Research suggests that customers go through a five-stage decision-making process when making any purchase. This is summarised in the diagram below: Figure 1,
This model is important for anyone making marketing decisions. It ensures the marketers consider the whole buying process rather than just the purchase decision. This model implies that customers go through all stages in every purchase they make. However, in more routine purchases, such as cleaning products, customers often skip or reverse some of the stages. For example, a student buying a favourite hamburger would recognise the need which is hunger and go right to the ‘purchase decision’, skipping ‘information search’ and ‘evaluation’. However, the model becomes far more useful when it comes to understanding any purchase that requires some thought and deliberation. The buying process starts with need recognition. At this stage, the buyer recognises a problem or need (e.g. I am hungry) or responds to a marketing stimulus (e.g. you pass Starbucks and are attracted by the aroma of coffee and chocolate muffins). An “aroused” customer then needs to decide how much information is required. If the need is strong and there is a product or service that meets the need close to hand, then a purchase decision is likely to be made there and then. If not, then the process of information search begins. A customer can obtain information from several sources:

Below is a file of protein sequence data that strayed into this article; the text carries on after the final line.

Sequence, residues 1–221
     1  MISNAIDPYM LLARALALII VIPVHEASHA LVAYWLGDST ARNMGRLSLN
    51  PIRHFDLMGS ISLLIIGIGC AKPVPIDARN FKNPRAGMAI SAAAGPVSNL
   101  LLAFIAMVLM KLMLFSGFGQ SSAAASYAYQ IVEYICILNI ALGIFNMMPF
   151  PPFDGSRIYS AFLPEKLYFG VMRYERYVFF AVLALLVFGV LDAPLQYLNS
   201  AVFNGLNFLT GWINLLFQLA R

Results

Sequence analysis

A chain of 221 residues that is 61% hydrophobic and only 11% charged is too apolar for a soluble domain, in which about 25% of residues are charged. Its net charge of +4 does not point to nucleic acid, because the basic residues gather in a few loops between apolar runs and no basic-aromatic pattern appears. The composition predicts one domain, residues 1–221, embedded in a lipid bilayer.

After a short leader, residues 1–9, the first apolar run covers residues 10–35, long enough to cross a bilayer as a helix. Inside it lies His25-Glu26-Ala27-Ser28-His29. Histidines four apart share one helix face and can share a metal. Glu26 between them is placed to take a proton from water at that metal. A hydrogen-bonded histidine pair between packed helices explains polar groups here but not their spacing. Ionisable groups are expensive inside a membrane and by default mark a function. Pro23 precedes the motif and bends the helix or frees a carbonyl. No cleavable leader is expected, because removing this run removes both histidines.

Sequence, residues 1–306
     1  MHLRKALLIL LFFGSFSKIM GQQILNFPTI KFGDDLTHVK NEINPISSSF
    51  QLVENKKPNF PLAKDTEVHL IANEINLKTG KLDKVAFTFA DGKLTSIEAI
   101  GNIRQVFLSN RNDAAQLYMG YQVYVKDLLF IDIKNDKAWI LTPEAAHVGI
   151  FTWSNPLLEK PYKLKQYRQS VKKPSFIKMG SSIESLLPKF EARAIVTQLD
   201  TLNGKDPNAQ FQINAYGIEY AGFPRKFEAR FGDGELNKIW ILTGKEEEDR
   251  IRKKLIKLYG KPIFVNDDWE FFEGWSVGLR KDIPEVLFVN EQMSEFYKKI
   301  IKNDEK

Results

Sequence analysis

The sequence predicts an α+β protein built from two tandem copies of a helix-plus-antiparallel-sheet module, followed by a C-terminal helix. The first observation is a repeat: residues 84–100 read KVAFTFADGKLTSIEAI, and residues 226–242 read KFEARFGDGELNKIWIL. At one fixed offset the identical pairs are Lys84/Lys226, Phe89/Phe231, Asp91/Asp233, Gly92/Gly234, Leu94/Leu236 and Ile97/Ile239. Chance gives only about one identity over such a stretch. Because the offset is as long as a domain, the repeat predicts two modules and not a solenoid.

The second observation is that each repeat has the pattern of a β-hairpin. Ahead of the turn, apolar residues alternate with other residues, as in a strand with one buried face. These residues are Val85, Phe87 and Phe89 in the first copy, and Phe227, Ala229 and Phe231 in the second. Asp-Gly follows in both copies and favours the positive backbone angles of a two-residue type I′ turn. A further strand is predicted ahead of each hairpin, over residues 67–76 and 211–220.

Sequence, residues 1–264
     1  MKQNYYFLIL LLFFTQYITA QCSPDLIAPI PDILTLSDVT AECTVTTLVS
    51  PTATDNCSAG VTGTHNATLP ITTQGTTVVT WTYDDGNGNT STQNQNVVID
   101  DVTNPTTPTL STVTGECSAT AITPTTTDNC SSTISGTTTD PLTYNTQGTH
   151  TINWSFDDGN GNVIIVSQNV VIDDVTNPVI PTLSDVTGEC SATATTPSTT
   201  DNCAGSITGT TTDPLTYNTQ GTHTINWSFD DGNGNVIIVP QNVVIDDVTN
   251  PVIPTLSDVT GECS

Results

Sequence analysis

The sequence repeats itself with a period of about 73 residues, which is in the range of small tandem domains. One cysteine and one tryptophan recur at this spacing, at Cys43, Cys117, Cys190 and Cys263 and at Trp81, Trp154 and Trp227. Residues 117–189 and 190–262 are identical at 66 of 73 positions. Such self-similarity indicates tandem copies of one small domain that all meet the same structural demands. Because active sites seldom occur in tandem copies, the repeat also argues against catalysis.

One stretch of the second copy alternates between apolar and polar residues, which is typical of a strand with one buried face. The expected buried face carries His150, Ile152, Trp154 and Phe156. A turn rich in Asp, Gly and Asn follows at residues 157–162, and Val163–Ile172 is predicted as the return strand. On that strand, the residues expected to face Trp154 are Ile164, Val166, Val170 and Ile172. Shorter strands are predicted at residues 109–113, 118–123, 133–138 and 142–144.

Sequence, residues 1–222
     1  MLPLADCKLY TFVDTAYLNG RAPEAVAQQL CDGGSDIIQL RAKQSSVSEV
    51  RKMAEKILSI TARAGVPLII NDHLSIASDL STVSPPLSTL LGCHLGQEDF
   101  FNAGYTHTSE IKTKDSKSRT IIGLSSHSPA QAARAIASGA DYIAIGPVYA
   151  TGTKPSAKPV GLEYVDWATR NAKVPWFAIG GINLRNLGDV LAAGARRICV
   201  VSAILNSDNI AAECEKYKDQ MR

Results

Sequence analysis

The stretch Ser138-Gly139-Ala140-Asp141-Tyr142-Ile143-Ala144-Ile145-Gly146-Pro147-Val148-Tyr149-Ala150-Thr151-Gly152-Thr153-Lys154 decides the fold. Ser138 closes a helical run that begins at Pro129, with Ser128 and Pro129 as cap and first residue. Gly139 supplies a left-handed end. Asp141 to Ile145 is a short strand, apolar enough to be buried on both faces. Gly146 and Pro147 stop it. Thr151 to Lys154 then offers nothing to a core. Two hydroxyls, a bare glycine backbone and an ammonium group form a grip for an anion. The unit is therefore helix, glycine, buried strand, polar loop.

•Personal sources, such as family and friends
•Experimental sources such as handling and examining the product •Public sources, such as newspapers and television
•Commercial sources, such as advertising, retailers and packaging
The usefulness and influence of these sources of...